A good hotel or guest house can make or break a trip. Think about it. You book your flights, buy a whole new holiday wardrobe, check out what there is to do in Dublin, and perhaps even learn a little Irish with Ling, and then you arrive at your accommodation and discover that there’s a building site outside your window and work starts at 7 am.
Today we’re gonna bring you a guide to where to stay in Ireland as well as accommodation vocabulary in Irish that might see you land a better room than you might be expecting.
Accommodation Vocabulary In Irish – Basic Vocabulary For Places To Stay
I spent a fair share of my early twenties working in hotels, and it’s a tough gig! Sometimes it’s difficult to decide who can be more demanding, the guests or the managers. Not many people know this, but when you get to a hotel, it’s possible for the person at the front desk to upgrade you. If I worked in a hotel in Ireland and spoke Gaelic, I’d definitely give the upgrade to someone who spoke a little bit of the Irish language.
Accommodation Vocabulary In Irish – Useful Words
Besides knowing what your accommodation is called in Irish, here are some other important words to know.
|Free parking||Páirceáil saor in aisce|
|Per day||In aghaidh an lae|
|Per night||In aghaidh na hoíche|
Accommodation Vocabulary In Irish – Useful Phrases
It’s all well and good knowing the correct vocabulary, but the deal is really sealed when you start stringing phrases together. These questions will help you know what amenities your room has and when you need to check out.
|Can you recommend any nice hotels in Ireland?||An féidir leat aon óstáin deasa in Éirinn a mholadh?|
|Do you have any rooms available?||An bhfuil aon seomraí ar fáil agat?|
|Does the room have air conditioning?||An bhfuil aerchóiriú sa seomra?|
|How much is the room per night?||Cé mhéad atá sa seomra in aghaidh na hoíche?|
|Is there wifi?||An bhfuil wifi ann?|
|May I see the room first?||An bhfeicfidh mé an seomra ar dtús?|
|What time is check- out?||Cén t-am é seiceáil amach|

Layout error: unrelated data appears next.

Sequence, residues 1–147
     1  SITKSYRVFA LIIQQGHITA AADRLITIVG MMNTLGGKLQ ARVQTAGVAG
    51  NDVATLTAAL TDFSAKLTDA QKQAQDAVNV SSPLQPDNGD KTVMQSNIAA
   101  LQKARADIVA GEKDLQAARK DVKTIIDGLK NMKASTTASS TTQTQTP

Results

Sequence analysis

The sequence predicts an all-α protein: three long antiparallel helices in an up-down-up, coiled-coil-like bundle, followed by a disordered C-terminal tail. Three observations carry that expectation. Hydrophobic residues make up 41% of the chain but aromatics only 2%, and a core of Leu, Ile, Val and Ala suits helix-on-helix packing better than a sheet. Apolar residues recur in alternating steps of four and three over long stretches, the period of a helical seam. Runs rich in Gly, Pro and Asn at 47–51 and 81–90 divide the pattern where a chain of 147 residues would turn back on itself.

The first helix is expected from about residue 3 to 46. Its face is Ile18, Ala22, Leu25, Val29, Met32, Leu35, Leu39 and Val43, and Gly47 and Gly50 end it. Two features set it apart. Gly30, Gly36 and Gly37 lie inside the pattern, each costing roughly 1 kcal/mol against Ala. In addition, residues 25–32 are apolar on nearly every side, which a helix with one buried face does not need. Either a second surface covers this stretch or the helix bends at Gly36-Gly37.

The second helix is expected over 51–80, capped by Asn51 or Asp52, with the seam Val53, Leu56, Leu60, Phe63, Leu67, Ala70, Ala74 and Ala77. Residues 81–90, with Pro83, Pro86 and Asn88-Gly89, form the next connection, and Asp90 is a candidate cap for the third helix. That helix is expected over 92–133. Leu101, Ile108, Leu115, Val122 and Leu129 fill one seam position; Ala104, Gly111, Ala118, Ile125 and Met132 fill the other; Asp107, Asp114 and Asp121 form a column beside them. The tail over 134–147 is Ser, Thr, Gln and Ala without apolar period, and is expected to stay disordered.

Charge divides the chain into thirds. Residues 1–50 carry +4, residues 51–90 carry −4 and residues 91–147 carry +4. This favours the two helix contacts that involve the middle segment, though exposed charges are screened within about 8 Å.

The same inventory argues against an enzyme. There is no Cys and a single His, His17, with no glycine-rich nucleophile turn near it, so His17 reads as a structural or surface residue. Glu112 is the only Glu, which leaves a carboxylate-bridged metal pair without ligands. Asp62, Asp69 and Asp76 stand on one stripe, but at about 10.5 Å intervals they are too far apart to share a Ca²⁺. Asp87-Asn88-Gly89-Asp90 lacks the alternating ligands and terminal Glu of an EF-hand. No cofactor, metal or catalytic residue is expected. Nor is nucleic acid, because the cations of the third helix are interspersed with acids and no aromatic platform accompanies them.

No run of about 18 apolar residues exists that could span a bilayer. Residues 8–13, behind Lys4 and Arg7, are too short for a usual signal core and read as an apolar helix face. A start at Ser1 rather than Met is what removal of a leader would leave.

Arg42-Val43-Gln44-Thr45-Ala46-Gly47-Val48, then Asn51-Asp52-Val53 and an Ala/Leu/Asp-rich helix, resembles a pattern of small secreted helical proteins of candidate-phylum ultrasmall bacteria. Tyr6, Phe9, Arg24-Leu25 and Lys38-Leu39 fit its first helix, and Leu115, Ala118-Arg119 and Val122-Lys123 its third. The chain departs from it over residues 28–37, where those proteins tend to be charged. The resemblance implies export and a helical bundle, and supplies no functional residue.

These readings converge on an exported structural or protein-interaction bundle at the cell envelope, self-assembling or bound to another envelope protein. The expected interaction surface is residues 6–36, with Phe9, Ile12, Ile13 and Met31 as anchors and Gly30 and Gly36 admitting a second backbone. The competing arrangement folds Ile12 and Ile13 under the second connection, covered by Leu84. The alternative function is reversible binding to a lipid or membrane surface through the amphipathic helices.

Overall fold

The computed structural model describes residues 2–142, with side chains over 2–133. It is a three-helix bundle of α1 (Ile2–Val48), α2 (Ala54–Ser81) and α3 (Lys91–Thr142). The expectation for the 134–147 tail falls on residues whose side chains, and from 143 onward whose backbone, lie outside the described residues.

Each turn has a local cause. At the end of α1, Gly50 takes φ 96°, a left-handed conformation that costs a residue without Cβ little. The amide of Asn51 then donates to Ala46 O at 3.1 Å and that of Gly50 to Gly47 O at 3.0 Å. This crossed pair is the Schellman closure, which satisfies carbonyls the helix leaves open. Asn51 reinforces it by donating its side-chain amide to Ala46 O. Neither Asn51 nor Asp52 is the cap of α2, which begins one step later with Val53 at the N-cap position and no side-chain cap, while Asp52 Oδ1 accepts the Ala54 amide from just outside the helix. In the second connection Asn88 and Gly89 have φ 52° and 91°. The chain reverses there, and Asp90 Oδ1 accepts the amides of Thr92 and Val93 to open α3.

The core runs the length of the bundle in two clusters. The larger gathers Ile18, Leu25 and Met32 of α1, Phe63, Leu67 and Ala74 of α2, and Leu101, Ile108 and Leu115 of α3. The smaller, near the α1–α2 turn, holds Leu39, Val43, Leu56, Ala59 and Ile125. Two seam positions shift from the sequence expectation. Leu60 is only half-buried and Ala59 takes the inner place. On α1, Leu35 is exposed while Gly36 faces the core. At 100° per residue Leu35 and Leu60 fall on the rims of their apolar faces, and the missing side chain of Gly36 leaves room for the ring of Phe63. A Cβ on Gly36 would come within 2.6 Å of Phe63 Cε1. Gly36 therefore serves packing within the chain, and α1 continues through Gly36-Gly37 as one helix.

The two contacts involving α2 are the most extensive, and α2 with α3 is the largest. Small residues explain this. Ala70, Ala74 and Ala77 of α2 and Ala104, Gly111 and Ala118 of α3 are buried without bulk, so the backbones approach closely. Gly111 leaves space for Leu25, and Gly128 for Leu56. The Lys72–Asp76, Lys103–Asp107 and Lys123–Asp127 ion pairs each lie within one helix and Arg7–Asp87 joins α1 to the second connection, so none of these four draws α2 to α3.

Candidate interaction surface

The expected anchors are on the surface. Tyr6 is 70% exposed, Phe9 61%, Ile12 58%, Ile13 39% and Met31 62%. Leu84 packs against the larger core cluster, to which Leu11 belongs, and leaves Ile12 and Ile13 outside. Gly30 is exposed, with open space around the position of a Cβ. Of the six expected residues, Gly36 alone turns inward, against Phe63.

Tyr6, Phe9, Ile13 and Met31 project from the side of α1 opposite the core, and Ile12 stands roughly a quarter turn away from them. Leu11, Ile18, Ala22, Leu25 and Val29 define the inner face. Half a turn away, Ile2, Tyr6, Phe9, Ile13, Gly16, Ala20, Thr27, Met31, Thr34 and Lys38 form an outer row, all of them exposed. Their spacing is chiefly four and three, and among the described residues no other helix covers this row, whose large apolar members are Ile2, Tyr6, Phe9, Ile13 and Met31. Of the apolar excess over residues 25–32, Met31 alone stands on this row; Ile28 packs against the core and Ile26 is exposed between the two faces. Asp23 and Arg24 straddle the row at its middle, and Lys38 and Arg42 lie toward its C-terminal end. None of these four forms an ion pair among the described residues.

|What time is check-in?||Cén t-am é an tseiceáil isteach?|
|Where is the swimming pool?||Cá bhfuil an linn snámha?|
|Who is the owner of this hotel?||Cé hé úinéir an óstáin seo?|
What Are The Best Places To Stay In Dublin City Centre?
O’Connell Street is slap bang in the center of Dublin, and its central location means you’re never too far away from the action.
Yes, this is an area and not a pub. That being said, it is, in fact, renowned for its nightlife. There is a lot to see and do here, including visiting the Irish Photography Centre and the Arthouse Multimedia Centre. It is also home to the Irish Stock Exchange as well as Speaker’s Square, where you’ll hear many a person give rise to whatever they want to shout about that day.
As mentioned, Temple Bar’s nightlife is famously good. Some favorites include the Porterhouse and Temple Bar pub.
Trinity is just down from O’Connell street and borders Temple Bar. The area takes its name from the college, one of the world’s best. We could write an entire article about Trinity itself (and maybe we will in the future), but for now, we’ll just limit ourselves to 3 amazing facts.
- It started as a friary under the direction of Queen Elizabeth 1 in 1592
- Students don’t pass under its bell tower when they’re undergraduates because an old superstition dictates that anyone that does will fail their exams. The only time they do pass through is on graduation day
- The library has 5 million books- a copy of every book printed in Ireland and Britain since 1801
As you’d expect, being a student area, Trinity also has excellent nightlife.
Grafton street is for those of you not traveling on a budget (the area is famous for being home to many high-end brands). Some popular hotels include the Shelbourne, where you’ll pay about $300 per night. The reason it’s so expensive is that it’s the 5th most expensive shopping street in the world as of 2016.
Grafton Street is also famous for its buskers and street performers. See some very talented musicians strut their stuff as you do a bit of retail therapy.
Learn Irish With Ling
It’s time to speak Irish with one of the fastest-growing apps on the market!
Ling is not just there to teach you the literal meaning of Irish words; we’re so much more than that. We want you to be able to speak Irish fluently in conversation with the average person walking down the street in Dublin.
We have speaking, writing, listening, reading, and pronunciation practice. These skills are built around a fun framework of mini-games and quizzes. This is nothing like those boring lessons with a foreign language teacher at school.
Ling has three pricing options, monthly yearly, or lifetime. Going monthly will cost you $8.99; however, an annual subscription drops to $4.50 per month.
The lifetime membership comes in at $149.99, but think about that. You get all future iterations of the app from here to eternity! That means you could be joining us in the metaverse in years to come.
If you enjoyed this blog, think about checking out a few others, such as Irish cooking utensils and country names and nationalities in Irish.